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ED Mx of pulmonary embolism (PE)

Mx of suspected PE in the stable patient

Mx of impending or actual cardiac arrest in patients with presumed PE

  • CPR and ACLS resuscitation has limited or no utility as the obstructed pulmonary circuit prevents blood flow to the systemic and cerebral circulation resulting in rapidly progressive severe hypotension and EMD/PEA cardiac arrest.
  • avoid intubation if possible as this is likely to result in exacerbation of haemodynamic compromise and cause cardiac arrest
  • timely cardiopulmonary bypass with ECMO or emergency thoracotomy with pulmonary embolectomy are the only likely life-saving options once it is too late for thrombolysis to be effective.

Mx of the unstable patient with presumed PE

  • patients who collapse with massive PE tend to die within 2hrs of onset unless aggressive Mx is instituted
  • high flow oxygen
  • move to a resuscitation cubicle
  • IV access, take bloods for FBE, U&E, clotting, ABG's
  • cardiac monitor
  • rapid confirmation if possible via either echo (preferably TOE) or CTPA
  • early anticoagulation to reduce further clot forming (but this does not reduce existing clot!) such as:
    • unfractionated heparin 80 units/kg loading dose IV, followed by 18 units/kg/hr IV infusion, adjusted according to APTT.
      • preferred in high risk PEs where thrombolysis may be needed as it can be ceased in the event of major bleeding
  • early thrombolysis for any patient who does not have overwhelming C/I and who has evidence of massive PE with either:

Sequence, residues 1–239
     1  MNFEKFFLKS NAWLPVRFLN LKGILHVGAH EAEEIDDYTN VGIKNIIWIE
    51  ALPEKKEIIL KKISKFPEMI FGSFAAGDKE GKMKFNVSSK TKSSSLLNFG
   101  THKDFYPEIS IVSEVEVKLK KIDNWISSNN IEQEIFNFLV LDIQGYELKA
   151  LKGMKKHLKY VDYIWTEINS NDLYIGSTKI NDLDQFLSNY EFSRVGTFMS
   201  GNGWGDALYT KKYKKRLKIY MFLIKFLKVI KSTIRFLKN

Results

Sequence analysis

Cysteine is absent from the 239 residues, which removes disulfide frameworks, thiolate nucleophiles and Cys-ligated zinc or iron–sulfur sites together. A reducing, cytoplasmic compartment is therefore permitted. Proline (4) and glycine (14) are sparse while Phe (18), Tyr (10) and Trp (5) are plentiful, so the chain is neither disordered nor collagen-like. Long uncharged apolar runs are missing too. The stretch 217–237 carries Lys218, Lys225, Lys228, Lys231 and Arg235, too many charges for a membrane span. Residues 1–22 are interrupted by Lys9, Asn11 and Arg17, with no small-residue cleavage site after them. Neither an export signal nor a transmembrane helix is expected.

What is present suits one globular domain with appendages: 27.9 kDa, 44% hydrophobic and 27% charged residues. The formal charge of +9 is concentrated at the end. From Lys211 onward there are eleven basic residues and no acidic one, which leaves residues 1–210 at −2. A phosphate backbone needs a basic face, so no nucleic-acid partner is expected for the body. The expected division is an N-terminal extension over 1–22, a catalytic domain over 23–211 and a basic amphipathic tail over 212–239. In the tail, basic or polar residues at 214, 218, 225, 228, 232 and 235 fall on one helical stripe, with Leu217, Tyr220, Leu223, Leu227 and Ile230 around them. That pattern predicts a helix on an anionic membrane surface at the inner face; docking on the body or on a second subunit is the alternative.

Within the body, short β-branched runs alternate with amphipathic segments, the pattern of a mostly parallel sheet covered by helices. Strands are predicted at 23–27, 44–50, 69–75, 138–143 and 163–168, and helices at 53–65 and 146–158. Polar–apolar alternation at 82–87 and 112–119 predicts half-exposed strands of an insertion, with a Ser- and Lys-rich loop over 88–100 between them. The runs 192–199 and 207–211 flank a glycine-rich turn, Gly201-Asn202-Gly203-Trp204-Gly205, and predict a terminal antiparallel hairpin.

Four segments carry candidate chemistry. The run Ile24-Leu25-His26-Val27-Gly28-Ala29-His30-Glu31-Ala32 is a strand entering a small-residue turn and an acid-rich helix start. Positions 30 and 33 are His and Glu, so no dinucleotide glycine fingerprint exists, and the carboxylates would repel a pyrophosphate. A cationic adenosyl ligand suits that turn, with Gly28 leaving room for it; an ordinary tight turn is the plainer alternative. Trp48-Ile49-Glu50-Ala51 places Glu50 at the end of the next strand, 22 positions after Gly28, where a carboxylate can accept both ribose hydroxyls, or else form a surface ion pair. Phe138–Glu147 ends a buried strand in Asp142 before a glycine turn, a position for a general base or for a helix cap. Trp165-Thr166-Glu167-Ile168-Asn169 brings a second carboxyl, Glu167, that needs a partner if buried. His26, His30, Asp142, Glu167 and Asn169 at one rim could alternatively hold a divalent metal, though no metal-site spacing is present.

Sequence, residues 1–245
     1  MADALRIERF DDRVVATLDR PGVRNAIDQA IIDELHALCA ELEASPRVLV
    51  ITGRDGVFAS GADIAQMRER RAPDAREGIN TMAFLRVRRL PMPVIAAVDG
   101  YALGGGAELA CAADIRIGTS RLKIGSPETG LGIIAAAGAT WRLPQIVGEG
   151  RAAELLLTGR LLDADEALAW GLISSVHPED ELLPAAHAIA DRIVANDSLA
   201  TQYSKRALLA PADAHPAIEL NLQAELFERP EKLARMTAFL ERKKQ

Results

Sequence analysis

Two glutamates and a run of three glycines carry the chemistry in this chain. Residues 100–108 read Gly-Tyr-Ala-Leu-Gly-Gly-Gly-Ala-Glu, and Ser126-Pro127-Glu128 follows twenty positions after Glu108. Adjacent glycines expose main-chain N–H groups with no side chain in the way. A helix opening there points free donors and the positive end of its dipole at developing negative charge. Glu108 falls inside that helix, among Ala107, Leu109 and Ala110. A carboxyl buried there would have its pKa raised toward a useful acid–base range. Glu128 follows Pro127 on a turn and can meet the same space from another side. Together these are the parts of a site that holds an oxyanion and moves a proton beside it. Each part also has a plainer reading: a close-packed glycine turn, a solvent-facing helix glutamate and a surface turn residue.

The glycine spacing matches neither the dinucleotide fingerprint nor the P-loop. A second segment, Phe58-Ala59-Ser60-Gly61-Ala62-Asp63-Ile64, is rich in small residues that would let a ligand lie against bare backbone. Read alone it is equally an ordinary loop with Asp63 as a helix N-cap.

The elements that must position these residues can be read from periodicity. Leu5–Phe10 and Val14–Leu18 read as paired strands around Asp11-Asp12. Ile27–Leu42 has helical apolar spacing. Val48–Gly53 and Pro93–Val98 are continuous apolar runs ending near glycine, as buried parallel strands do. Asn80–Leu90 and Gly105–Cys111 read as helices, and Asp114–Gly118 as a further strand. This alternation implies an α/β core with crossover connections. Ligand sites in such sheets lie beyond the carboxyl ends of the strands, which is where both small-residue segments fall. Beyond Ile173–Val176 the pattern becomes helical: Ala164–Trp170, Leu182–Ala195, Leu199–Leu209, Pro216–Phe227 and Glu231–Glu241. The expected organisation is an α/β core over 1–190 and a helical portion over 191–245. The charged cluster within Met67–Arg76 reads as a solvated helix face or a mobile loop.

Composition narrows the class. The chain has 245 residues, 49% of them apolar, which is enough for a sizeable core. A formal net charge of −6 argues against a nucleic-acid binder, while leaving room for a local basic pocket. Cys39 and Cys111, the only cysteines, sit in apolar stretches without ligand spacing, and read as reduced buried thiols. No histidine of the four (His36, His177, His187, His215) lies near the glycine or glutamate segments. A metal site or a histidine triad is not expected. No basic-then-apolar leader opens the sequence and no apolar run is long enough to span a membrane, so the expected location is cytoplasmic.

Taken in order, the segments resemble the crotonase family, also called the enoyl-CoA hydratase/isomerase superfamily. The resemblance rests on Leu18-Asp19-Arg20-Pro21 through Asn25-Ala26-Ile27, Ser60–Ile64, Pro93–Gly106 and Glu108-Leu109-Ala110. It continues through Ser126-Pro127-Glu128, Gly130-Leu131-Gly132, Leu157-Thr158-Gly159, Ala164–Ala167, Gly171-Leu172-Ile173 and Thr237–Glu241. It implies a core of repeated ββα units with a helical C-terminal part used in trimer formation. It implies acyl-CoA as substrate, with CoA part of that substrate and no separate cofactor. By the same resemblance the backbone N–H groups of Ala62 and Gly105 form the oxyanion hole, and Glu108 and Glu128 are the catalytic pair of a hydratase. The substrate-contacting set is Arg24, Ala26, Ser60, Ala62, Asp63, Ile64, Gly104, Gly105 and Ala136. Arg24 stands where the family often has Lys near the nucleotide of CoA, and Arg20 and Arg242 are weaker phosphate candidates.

• severe hypoxia
    • ongoing hypotension
    • right heart failure
    • or, controversially, consider in sub-massive PE esp. in those under 65yrs where bleeding risk is much lower, if either:
      • an episode of hypotension - such an episode in these patients suggests reserves are critical and death may be imminent!
      • evidence of right heart strain
      • massive ileo-femoral thrombosis
  • thrombolysis dose if appropriate, preferably after discussion with respiratory:
  • cautious iv fluid loading, although this may worsen the outcome
  • admit to a hospital preferably with access to ICU and ECMO if this would be considered in the patient - ie. not a palliative care patient.
  • APTT should be checked after 4 to 6 hours and the dose of heparin adjusted if APTT is not in the therapeutic range. When the APTT is in the therapeutic range, the dose should be reviewed daily.
  • warfarin should be started within 48 hours using the regimen for deep venous thrombosis (DVT)

Mx of the stable patient with newly diagnosed PE

  • iv access, bloods for prothrombotic screen, U&E, FBE, baseline clotting
  • if significant hypoxia or any episode of hypotension, see above under Mx of unstable patient.
  • 12 lead ECG
  • CXR if not already performed
  • consider:
    • troponin - elevated troponin levels in pts with PE suggests RV strain and should probably be considered as “unstable”
    • echocardiogram to assess degree of RV strain - significant RV strain should also be considered “unstable”